- Green Fields went coed, accepting its first female students in 1966, even though there was no girls’ restroom. The curriculum was expanded through high school as a college preparatory school.
- The first high school class of nine seniors graduated in 1969. Congressman Mo Udall was the commencement speaker.
- In 1974 the informal tradition of excursions over spring break was formalized as Interim, a tradition of off-campus learning and real-world exploration that continues four decades later.
- Students from the University of Arizona helped Green Fields students and faculty build a geodesic dome on campus in 1974 which is still used by art students today.
- In 1979 the school was renamed Green Fields Country Day School.
- In 1980 Head of School Phineas Anderson saw the need for computer literacy and obtained a grant to help purchase 11 microcomputers.
- The Center for the Performing Arts was built with the largest single donation in the school’s history - $225,000. The facility was dedicated in 1981 by actress Lillian Gish.
- In 1985 Green Fields was one of 65 private, parochial and independent schools in the nation recognized for excellence by the U.S. Department of Education.
- Astronaut Dick Gordon dedicated the new gym in 1987.
- Green Fields was the first school in the United States to form an exchange program with students in the former Soviet Union.
- Southern Arizona’s oldest independent day school has gradually expanded to offer a continuum of education from kindergarten through 12th
- The campus is now 22 acres, with no livestock. The last horse, Hobo, died in 1999. The last sheep departed in 2000. However, the third-grade class does raise chickens and watches over them with a “chicken cam.” The school also has a greenhouse and several student-tended gardens.
Green Fields continues an environment in which individuality is admired and nurtured.
The roughly 190 students attending Green Fields are a diverse mix of ethnic, religious and economic backgrounds. Many who apply are eligible for financial aid.
Classes are small, from 10 to 12 students, and sometimes are still held outdoors.
Most teachers have advanced degrees.
In a typical year, 100 percent of the graduating class goes on to attend four-year colleges and universities, including many of the top schools in the country.
Academic excellence is a hallmark of Green Fields. The senior class regularly earns more than $1 million in scholarships to some of the nation’s most prestigious schools. The curriculum includes core classes in English, social studies, science, math, fine arts, Spanish and French, plus technology, publications and competitive sports. Developing critical thinking skills is key.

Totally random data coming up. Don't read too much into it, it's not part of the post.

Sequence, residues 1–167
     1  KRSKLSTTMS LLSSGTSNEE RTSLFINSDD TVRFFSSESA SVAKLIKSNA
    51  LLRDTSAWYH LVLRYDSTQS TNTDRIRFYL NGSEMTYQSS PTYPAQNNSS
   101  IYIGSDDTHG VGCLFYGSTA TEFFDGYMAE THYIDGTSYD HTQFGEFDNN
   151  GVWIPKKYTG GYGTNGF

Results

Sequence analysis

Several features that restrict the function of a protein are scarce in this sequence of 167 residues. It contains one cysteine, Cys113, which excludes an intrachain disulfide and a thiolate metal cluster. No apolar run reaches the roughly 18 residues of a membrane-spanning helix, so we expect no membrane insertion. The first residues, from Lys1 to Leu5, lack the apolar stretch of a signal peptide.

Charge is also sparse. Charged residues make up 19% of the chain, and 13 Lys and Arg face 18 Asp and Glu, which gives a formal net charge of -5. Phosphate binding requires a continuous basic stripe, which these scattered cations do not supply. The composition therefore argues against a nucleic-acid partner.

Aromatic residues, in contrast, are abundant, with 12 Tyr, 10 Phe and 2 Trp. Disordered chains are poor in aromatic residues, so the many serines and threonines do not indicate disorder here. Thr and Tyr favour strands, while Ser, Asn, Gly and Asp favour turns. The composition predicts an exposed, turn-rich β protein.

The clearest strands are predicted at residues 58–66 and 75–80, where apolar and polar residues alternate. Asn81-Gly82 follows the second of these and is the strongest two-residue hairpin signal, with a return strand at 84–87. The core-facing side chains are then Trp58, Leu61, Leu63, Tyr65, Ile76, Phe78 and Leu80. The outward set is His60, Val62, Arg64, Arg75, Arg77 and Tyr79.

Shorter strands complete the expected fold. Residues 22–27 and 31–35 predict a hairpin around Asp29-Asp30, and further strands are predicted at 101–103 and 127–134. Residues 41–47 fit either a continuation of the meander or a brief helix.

In addition to core curricular requirements, Green Fields boasts of its Capstone Programs, those which are not or cannot be offered by other schools, so are unique to us:
- Beyond Boundaries is a year-long multi-media research project undertaken by each 8th grader to explore life from the perspective of a 14-year old from another part of the globe and present it to an audience.
- Thinking Outside the Box affords each 6th grader the opportunity to do just that.
- Seniors may embark on a Masterwork Project, an independent inquiry to pursue a personal passion beyond the classroom – conducting research, finding a mentor in the community, then communicating this mini-thesis experience with a performance, video or other interactive presentation.
- Leadership and critical thinking opportunities abound in such endeavors as the Greek Festival, Issue Day, Bigs & Littles and many more.
Green Fields also is known for exploratory study outside the classroom. This includes spring Interim, offering off-campus experiences far and wide. Students have worked in a metal sculptor’s studio, gone behind the scenes with veterinarians at the zoo, studied marine biology and desert ecology, even traveled to New Orleans to help in ongoing reconstruction following Hurricane Katrina.
• In 2010 the school went wireless indoors and out. Green Fields also was one of the first high schools in Southern Arizona to offer the complete Google Apps suite used at many universities. Every upper school student receives a Chrome laptop. The Green Fields community is now connected – students, faculty, staff, parents and alumni.
• Green Fields even boasts of the only solar-powered electronic charging station on any campus we’ve heard about.
• A new landmark is the dramatic Griffin sculpture perched atop the Center for Performing Arts. The work is by metal artist David Voisard, who also trains students in his studio during Interim.
• In 2012 Green Fields became the first school to pilot the PAX Good Behavior program to help students establish positive behavior habits for life. The school also introduced the Bal-A-Vis-X, rhythmic exercises that help students focus and improve their concentration.
• During the 2013-2014 academic year, Green Fields celebrates its 80th anniversary, continuing its long tradition of fostering a lifelong love of learning in every student.